The panic in Canada over the lack of masks and ventilators for COVID-19 has mostly eased, but it would be foolish to let the memory and lessons of those scary first few weeks fade too quickly. The scramble for medical equipment was actually a critical moment for the Canadian economy, because it revealed something alarming, something we should all be focused on.
We don’t know if we can produce what we need in a crisis.
In the last two decades, we have been lulled into following a rapid path of offshoring – that is the transferring of production to other countries. The huge short-term profits of this trend, coupled with impressive decreases in the prices of certain consumer goods, soothed us. For many, green arrows and highlights on smartphone investment tracker apps – indicating that stock prices were continuing to rise – provided an illusion that all was well in the economy.
We were the mythical frog floating in a pot of water on the stove, slowly being boiled alive without realizing it. We lost sight of the critical requirements of a vibrant economy – one of which is good jobs. The unfolding COVID-19 crisis exposed Canada’s and the West’s significant economic and security vulnerabilities. We no longer produce – indeed, we are not even able to develop – many of the things we need to run a modern, prosperous economy.
From swabs, facial masks, drugs and ventilators to simple computers and advanced 5G telecommunication products, we are largely dependent on overseas suppliers. The supply networks that underpin both the production and innovation of those goods long ago moved from North America to Greater China. That exodus left us with hollowed-out capabilities, broken production capacities, under-utilized engineering and technical talent and over-reliance on one relatively small region of the world.
The pandemic might be our last opportunity to regain prosperity. COVID-19 represents a sudden burst of heat that should awaken us to the fact that we are being cooked alive. Nonetheless, let us be clear: We are already well cooked, having already lost so much productive capacity that reviving our economy will require us to overcome significant challenges, and then sustain those efforts over many years – even as the pandemic recedes to the background.
This we must do. Not only is our long-term prosperity at stake, but also because the next crisis disrupting our global production chains is already around the corner, be it medical, natural, political or human-made.
Strategy for Action
There are two critical spheres of action. First, dealing with the managerial and financial regulations and incentives that have made offshoring the rational, and sometimes only, option. Second, engineering a response to rebuild our depleted production capacities. This means skills to production networks of suppliers and sub-suppliers that will allow us to both produce and innovate in producing finished products.
We should not expect public companies to stop moving production to foreign countries without changing the financial incentives of both managers and investors. That requires a fundamental shift away from focusing on short-term stock prices utilizing financial engineering tools. This includes stock buybacks and the use of a complex network of offshore companies (Double Irish with a Dutch Sandwich, anyone?). Further, we must move beyond worshiping performance metrics such as simplified return-on-assets, which incentivize moving as many holdings off balance sheets as possible.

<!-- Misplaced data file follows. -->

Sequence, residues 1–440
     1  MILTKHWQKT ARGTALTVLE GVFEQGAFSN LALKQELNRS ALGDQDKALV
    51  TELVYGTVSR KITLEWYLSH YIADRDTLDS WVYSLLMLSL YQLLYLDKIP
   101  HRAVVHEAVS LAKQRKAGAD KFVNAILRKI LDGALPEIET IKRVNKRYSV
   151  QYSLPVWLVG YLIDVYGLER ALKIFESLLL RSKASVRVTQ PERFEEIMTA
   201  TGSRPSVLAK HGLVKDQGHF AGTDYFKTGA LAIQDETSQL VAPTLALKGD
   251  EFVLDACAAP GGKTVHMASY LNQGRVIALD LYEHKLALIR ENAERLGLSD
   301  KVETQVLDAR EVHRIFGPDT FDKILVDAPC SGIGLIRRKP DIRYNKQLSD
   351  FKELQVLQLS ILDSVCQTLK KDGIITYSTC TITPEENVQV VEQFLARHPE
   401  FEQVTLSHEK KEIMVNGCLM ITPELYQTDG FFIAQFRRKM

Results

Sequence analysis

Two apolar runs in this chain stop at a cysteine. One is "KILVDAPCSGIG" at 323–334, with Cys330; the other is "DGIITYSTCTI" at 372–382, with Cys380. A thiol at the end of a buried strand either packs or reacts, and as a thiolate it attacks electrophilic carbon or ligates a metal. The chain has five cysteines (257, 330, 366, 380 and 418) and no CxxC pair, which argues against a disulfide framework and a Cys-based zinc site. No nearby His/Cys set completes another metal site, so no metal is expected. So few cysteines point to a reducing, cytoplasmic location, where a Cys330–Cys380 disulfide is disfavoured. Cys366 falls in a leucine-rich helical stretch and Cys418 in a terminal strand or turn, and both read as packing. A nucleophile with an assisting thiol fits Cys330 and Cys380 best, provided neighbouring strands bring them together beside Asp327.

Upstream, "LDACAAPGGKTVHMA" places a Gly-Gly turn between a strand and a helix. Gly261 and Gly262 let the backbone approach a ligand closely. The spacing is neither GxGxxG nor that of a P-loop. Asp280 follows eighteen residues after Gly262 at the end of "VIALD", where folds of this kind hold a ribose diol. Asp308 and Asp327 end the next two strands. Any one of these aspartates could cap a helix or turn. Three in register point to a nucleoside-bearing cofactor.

After two decades of accelerated offshoring, the obstacles to reshoring are currently so significant, we should not assume that even our best-run corporations can overcome these financial obstacles by themselves. In order for a high-end manufacturer to produce, it needs a constant supply of two things: components, from screws and pins to various sub-systems; and technicians, engineers and managers with highly honed production skills. It also needs to be assured that there will be stable demand for its outputs.
Canada is severely lacking in all.
The road to stable demand
We need to acknowledge the obstacles and figure out how to solve them, collectively.
The first obstacle is ensuring demand, and not just a momentary peak demand. Rather, it must be stable, long-term demand. Without long-term demand for domestically produced products and components, companies, managers and workers will not invest in building production-capacity or acquiring and honing the necessary skills.
How then can we ensure a minimal level of stable demand for Canadian-produced products, sub-systems and components?
The first tool should be government purchasing – at all levels, municipal, provincial and federal. All purchasing should include a “Made in Canada” component in all sectors and industries. Additionally, companies that are given government aid as part of the COVID-19 response should be required to move and sustain a minimal (but economically significant) percentage of their sourcing and production back to Canada. This should be done in both direct government procurement programs as well as through authorizing reimbursement programs such as medicine.
A key challenge is defining “Made in Canada.” The situation is even murkier for products such as pharmaceuticals, where so-called Canadian drugs are made with 100-percent Chinese and Indian-manufactured active ingredients.
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What’s clear is that better measurement and disclosure are necessary. Industries should disclose how much critical production actually takes place in Canada. With the right branding, consumers would be willing to pay a premium on such products, both for quality and moral (for example fair-trade) reasons.